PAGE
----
I particularly enjoyed the various points of view, ranging from the much older Alma to one of her caregivers and mentees, Irina. Both have immigrant backgrounds -- Alma, a refugee sent to California by concerned family during the encroachment of the Nazi menace, Irina rescued from the poverty of Moldova (though out of the frying pan into the fire). There's a Japanese family whose patriarch had moved to California to become a gardener well before the Second World War, breaking the family tradition of militarism, and numerous other characters. Ichimei Fukuda, son of the gardener and a gardener himself, is "the Japanese lover" -- Alma's.
The Japanese angle adds historical flourishes. There's a religious component with Ōmoto, a modern offshoot of Shinto that publishes tracts in the international language Esperanto. There's the holistic aspect of landscape gardening; internment during World War II preceded by the burial of the family war sword; and note of the highly decorated Japanese American combat unit, the 442nd Regimental Combat Team (whose history is worth a book of its own -- including those they fought in Europe, ranging from Germans to various detachments surprisingly fighting alongside them -- the Germans --  originating from Somalia, Poland, India and other unexpected places). 

A pretty cool, undemanding novel that deals with age and life changes, varied circumstances, refugees, immigrants, love and history, all laced together nicely.

Today's Rune: Wholeness. 

Sunday, February 25, 2018

Kon Ichikawa: 'The Burmese Harp' / 'Biruma no tategoto' / ビルマの竪琴 (1956)

Kon Ichikawa's The Burmese Harp / Biruma no tategoto / ビルマの竪琴 (1956), based on Michio Takeyama's 1958 novel of the same name.

Set-up: Japanese soldiers are abandoned to their fate in Burma (now Myanmar) near the end of the Second World War. Focus is on one company, led by a captain who had been musically trained in civilian life, and who has his troops sing to boost morale. One of his privates, Mizushima, has taken up playing a Burmese Harp, and seems already otherworldly at the beginning of the film, only to become more so.

The company tries to make its way to a safe zone so they can somehow return to devastated Japan, but are eventually overtaken by British (including Sikh) forces at a Burmese village. 
Though the war is officially over by this time, mortal danger persists. Another detachment of Japanese soldiers refuses to surrender -- death before dishonor. Mizushima is sent to Triangle Mountain to convince them to choose life over death. Will he succeed?

The rest of the film involves Mizushima's becoming a Buddhist monk, choosing to remain in Burma to bury abandoned Japanese war dead (apparently killed in large part by air and artillery attack), combined with the rest of his company, now POWs, trying to figure out whether he's dead or alive, and if the latter, hoping he will return with them to Japan. 
The Burmese Harp is an effective and sad film, distinctive in its long-term philosophical and religious considerations. For example, it's noted that neither the Japanese nor British empires will reign in Burma -- which became independent in 1948, though it still suffers ethnic turmoil in the 21st century. 

Kon Ichikawa (1915-2008) directed, but he worked in close collaboration with Natto Wada (1920-1983), the script writer, who also happened to be his spouse. Ichikawa did a color film remake of The Burmese Harp in 1985, but I haven't seen it yet.

Today's Rune: Joy. 

Tuesday, February 13, 2018

Masahiro Shinoda: 'Pale Flower' / 'Kawaita hana' / 乾いた花 (1964)

Masahiro Shinoda's Pale Flower / Kawaita hana / 乾いた花 (1964). 

Whereas Seijun Suzuki's 1964 Gate of FleshNikutai no mon / 肉体の門  is set in the immediate wake of the Second World War and shot in garish colors, Shinoda's 1964 film is set in the early 1960s and shot in black and white. Japan has begun to rebuild and we can recognize it as contemporary modern. But the code of gangsters (yakuza) is key to both films, and to both periods in Japanese society. So is the underground scene in general -- dangerous and alluring.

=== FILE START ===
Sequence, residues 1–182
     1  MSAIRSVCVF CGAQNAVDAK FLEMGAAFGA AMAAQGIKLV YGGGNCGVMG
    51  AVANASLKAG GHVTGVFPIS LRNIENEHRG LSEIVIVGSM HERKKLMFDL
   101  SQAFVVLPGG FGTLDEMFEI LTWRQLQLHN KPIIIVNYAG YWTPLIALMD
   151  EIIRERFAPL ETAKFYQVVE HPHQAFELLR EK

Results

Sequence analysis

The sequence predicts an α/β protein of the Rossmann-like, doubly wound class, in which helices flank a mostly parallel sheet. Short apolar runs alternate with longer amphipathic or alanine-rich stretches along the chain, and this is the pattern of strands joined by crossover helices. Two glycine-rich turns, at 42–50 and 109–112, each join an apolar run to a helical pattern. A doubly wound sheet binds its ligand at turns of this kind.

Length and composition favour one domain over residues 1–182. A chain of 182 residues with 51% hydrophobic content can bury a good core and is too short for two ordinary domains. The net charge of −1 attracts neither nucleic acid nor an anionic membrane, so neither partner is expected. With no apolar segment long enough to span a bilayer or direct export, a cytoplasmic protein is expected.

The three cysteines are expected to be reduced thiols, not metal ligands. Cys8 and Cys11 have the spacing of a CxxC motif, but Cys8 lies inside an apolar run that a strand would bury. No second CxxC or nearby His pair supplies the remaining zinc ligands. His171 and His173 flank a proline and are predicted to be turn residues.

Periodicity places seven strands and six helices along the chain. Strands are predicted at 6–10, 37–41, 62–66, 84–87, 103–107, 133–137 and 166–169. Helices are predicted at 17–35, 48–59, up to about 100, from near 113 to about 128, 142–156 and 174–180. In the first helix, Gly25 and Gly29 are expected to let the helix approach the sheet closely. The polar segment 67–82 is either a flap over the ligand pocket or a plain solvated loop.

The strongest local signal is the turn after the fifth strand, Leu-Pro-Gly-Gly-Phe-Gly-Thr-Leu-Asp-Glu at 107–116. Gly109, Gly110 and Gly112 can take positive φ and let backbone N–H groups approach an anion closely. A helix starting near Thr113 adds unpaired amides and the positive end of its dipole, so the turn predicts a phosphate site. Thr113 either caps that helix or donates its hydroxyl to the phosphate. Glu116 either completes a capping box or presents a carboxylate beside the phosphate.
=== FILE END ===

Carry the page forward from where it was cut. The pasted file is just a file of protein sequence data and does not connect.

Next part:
'“There was a strong influence of [Charles] Baudelaire’s Fleurs du mal throughout this film,” director Masahiro Shinoda would later remember of his 1964 squid-ink noir Pale Flower.'" -- Chuck Stephens, "Pale Flower: Loser Take All" (2011), The Criterion Collection. Link here.
"Bewitchingly shot and edited . . ." The Criterion Collection has special features, all nifty. 
Who will pay the Piper? But first, who is the Piper? 

"A sumptuous sonnet to unrequited amour fou, Pale Flower remains Shinoda’s most enduring creation." -- Chuck Stephens, "Pale Flower: Loser Take All" (2011), The Criterion Collection. 

Today's Rune: Strength

Monday, February 12, 2018

Seijun Suzuki: Gate of Flesh / Nikutai no mon / 肉体の門 (1964)

Seijun Suzuki's Nikutai no mon / 肉体の門 / Gate of Flesh (1964): set in the post-World War II devastation of Tokyo, a dazzling look at how people struggled to survive. Part pulp, part Surrealism and part everything but the kitchen sink, Gate of Flesh has a fresh, crazy feel even now. 

Destruction is everywhere. Much of the population suffers from some variation of post-traumatic stress, shell shock and "nostalgia" -- psychic damage from firebombings and other forms of mass violence, both dealt out and received. 

The "returnees," as veterans from the various battlefronts were called, are warily received, while organized gangs (yakuza) run rampant, black markets flourish, and prostitution is pervasive and brutally competitive. American occupiers, including Military Police (MPs) roam through the urban tangle with weapons at the ready, half suppressing and half participating. It's a sort of massively scaled industrialized version of Deadwood.    
Gate of Flesh is based on a 1947 novel by Taijiro Tamura (1911-1983). What's striking about the Seijun Sazuki (1923-2017) adaptation is how much wilder it is than Japanese films made during the actual American occupation. Why? Because immediately after the war, American authorities censored everything in occupied Japan with a heavy hand, but by 1964, that was gone. 
The Criterion Collection DVD set has lots of extra goodies. It's also worth noting that there are five adaptations of the Tamura novel, three of them made after Sazuki's version. 

Today's Rune: Partnership.